From “A Plague of Strong Female Characters” by Carina Chocano in The New York Times Magazine:
“… Few cultural tropes get under my skin like ‘strong female character,’ and it still surprises me when like-minded people use it. Maybe the problem is semantic. Maybe what people mean when they say ‘strong female characters’ is female characters who are ‘strong,’ i.e., interesting or complex or well written—‘strong’ in the sense that they figure predominantly in the story, rather than recede decoratively into the background. But I get the feeling that what most people mean or hear when they say or hear ‘strong female character’ is female characters who are tough, cold, terse, taciturn and prone to scowling and not saying goodbye when they hang up the phone.
“… Characters like these… do serve as a kind of gateway drug to slightly more realistic—or at least representational—representations of women. On the other hand, they also reinforce the unspoken idea that in order for a female character to be worth identifying with, she should really try to rein in the gross girly stuff. This implies that unless a female character is ‘strong,’ she is not interesting or worth identifying with.”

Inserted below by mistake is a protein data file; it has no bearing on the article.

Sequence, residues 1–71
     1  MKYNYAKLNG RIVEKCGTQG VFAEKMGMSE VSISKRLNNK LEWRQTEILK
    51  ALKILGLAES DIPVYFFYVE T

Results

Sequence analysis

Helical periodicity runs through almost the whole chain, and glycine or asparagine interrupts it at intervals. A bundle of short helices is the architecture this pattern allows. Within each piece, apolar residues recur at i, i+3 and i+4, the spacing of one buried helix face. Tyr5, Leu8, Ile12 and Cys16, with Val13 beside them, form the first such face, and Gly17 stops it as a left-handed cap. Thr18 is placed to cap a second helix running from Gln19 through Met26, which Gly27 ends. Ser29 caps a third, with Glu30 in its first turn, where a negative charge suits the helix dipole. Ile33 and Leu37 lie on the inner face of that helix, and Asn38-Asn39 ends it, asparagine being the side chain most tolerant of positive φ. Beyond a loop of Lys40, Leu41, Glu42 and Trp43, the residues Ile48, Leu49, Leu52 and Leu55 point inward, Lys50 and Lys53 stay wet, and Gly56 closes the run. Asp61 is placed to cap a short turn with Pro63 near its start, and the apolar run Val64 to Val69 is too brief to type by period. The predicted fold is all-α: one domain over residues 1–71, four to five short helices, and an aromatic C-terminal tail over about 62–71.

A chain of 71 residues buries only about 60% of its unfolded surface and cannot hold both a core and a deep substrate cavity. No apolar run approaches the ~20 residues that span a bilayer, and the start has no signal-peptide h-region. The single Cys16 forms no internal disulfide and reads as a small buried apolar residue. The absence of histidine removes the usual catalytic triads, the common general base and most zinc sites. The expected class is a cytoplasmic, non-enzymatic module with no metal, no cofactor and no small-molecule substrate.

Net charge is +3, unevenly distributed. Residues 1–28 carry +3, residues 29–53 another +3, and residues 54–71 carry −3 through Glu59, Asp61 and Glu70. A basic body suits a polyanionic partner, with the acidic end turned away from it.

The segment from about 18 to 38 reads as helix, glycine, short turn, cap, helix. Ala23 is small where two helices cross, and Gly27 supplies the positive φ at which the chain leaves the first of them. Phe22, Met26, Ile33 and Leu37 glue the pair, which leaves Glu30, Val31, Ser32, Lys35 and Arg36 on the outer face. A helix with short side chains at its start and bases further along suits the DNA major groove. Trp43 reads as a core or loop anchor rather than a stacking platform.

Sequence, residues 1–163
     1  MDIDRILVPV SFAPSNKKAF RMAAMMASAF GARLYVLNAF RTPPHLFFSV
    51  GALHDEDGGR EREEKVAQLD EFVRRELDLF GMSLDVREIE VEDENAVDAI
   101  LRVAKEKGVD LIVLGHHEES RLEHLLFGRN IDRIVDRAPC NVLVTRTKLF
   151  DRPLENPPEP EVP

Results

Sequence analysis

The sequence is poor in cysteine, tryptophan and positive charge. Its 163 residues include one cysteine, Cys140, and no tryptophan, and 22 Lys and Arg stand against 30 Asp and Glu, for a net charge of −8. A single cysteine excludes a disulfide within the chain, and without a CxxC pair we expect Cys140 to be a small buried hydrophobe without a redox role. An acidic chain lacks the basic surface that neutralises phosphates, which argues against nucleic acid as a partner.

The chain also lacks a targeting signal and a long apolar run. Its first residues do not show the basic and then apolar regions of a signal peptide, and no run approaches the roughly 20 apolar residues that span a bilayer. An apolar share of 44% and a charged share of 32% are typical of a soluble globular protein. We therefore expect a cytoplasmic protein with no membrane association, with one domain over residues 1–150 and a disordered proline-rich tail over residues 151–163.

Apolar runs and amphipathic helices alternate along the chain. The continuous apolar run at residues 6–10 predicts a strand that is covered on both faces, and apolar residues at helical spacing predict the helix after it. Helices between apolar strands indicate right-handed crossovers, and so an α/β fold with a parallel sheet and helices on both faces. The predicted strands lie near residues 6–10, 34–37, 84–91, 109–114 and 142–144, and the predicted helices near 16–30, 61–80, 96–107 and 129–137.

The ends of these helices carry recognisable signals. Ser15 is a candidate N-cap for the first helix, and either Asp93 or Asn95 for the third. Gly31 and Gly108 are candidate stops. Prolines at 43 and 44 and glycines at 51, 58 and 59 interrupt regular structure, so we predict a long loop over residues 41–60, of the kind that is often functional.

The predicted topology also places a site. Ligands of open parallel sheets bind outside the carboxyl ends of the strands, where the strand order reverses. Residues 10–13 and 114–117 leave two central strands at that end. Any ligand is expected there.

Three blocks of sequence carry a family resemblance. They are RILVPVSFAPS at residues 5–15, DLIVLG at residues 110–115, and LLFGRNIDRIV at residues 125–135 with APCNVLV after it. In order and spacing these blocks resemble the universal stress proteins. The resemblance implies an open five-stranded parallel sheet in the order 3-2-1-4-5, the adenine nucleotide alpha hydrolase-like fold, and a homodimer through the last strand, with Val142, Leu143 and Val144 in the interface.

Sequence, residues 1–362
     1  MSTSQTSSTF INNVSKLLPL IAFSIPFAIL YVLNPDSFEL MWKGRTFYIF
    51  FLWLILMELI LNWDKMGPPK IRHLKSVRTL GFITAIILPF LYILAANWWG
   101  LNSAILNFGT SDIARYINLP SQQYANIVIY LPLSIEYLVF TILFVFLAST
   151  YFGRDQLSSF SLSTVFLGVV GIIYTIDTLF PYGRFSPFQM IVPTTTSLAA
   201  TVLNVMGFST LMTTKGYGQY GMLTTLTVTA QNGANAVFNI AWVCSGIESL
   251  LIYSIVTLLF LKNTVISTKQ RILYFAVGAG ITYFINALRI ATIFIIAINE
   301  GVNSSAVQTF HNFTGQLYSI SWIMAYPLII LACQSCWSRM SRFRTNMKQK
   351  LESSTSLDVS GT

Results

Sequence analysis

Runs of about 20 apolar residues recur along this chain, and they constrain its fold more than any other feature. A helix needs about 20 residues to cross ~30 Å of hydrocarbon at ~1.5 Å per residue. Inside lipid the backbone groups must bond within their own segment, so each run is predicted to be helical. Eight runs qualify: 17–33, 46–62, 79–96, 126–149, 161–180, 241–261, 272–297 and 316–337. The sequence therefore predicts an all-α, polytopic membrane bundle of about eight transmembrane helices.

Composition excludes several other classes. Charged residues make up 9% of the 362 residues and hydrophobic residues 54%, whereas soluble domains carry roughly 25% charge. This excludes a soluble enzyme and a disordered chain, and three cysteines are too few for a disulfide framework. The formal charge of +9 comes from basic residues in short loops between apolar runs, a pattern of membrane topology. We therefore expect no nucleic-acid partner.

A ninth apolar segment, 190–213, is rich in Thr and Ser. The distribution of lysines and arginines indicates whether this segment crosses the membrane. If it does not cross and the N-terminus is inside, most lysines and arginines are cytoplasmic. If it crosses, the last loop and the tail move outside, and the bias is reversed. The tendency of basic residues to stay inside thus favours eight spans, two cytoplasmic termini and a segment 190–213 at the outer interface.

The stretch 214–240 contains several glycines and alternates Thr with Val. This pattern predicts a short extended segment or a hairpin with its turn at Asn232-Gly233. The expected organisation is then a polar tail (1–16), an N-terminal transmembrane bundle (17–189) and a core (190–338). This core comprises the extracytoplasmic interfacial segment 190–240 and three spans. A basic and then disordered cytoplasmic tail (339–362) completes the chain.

Chocano then goes on to talk about Kristen Wiig’s seemingly “weak” character in Bridesmaids, and how she is actually an empowering character for women:
“We don’t relate to her despite the fact that she is weak, we relate to her because she is weak.
“… This makes me think that the problem is not that there aren’t enough ‘strong’ female characters in the movies—it’s that there aren’t enough realistically weak ones. You know what’s better than a prostitute with a machine gun for a leg or a propulsion engineer with a sideline in avionics whose maternal instincts and belief in herself allow her to take apart an airborne plane and discover a terrorist plot despite being gaslighted by the flight crew? A girl who reminds you of you.”
This article is well worth the read.
Image via Movies Bizz.